“If you can ride a bicycle, then you can kayak.”

OUTDOOR ADVENTURE.

 

 

 

 

 

 

 

Grab a paddle and kayak with Asbury Adventures.

 

“If you can ride a bicycle, then you can kayak.” That’s the advice Kim Asbury with Asbury Adventures gave to those who have never tried their hand at kayaking. Like riding a bike, Asbury said it’s all about balance and has found over the last seven years of being in Laurens County that most people who struggle could not ride a bike. That’s why before heading out on the water on the guided tours that Asbury Adventures offers, you’ll get basic instructions on how to kayak such as how to avoid tipping over and paddling/turning.

Asbury and her step-daughter Kayla started Asbury Adventures seven years ago. Kayaking was something she (Kim) had recently gotten into and later got her children involved in. 

“I started about 10 years ago. Other than it just looked like something I wanted to do, I really don't know why I started. I love it because I can go almost anywhere on the water and I love water and nature. Before Jeff and I got married, he asked me what I would like to do for a living if I had the choice. I chose this and Kayla helped me. It gave us the opportunity to be home with the kids. We've been doing this for seven years now. We don't really advertise and depend on word of mouth and Google mostly. So far we have been very successful and stay as busy as we want to,” Asbury said.

Between Kim and Jeff, they have six children and decided to go out and buy a bunch of kayaks. Not only was it an activity the whole family could participate in, but it also allowed the Asbury’s to have some extra money come in. 

For a small charge, Asbury Adventures allows new and experienced kayakers to rent kayaks or stand up paddleboards for the day – they also offer delivery and pickup. From there, you can take guided tours of the Reedy or Saluda Rivers in Laurens and Greenville counties.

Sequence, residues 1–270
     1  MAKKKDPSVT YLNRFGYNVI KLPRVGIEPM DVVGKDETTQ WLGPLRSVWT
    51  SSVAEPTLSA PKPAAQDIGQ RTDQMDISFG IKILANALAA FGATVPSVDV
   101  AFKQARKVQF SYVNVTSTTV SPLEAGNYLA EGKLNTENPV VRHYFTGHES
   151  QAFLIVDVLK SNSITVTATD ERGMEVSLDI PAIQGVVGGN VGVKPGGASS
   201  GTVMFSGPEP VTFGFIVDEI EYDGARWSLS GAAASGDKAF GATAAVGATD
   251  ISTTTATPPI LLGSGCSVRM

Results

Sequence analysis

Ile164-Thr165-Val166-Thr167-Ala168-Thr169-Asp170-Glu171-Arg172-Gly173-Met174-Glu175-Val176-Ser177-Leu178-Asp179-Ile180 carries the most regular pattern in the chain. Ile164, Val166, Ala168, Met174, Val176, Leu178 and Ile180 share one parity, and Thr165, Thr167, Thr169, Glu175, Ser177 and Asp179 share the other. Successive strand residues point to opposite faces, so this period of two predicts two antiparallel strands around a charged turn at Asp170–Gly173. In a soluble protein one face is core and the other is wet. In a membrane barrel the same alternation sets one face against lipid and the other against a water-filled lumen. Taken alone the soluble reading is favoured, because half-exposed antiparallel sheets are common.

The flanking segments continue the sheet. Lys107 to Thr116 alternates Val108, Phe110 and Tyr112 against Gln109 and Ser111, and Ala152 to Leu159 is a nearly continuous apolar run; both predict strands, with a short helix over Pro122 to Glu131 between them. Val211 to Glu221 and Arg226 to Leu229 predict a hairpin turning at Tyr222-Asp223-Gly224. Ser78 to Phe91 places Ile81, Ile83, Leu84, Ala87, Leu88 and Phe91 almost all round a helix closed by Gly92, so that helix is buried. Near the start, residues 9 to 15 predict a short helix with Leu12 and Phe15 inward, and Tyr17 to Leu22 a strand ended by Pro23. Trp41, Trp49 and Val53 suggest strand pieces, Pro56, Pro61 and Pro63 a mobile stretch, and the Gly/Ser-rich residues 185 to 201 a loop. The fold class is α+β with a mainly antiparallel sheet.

“We have a lot of people come down from Greenville, people from out of state. We get a lot of people from the low country and that area, too,” Asbury said.

Sometimes, according to Asbury, people will use kayaking as their daily form of exercise, so it wouldn’t be unusual to see people on the lake early in the mornings. 

And if you think kayaking is only for young folks, think again. Asbury recalled a lady bringing her father on the water for Father’s Day and an older lady who simply wanted to see if she could kayak.

“I guess you could say she booked instruction with me. She’s never kayaked before, she’s an elderly lady. She said it’s one of the things she’s always wanted to do and her husband recently passed, so she wanted to see if she could do it,” she said.

One of the downsides of kayaking is the unpredictability of South Carolina weather. At the time this article was written, South Carolina had just received some of the effects from Hurricane Elsa (July 8). The river itself is shallow, but with the little bit of rain we received, the river rose up about 2-3 feet. Asbury said any time there is wind or rain, they have to worry about downed trees. She tries to head out on the water every month to make sure it’s clean and there aren’t any new trees down that they won’t be able to get around. 

Asbury Adventures can give guided tours for groups up to 12 people. If the groups is particularly large, Asbury said they will usually call in all forces to assist.  

Reservations must be made in advance. Asbury Adventures is on Facebook (Asbury Adventures LLC) and can be reached at 864-766-9031. 

 

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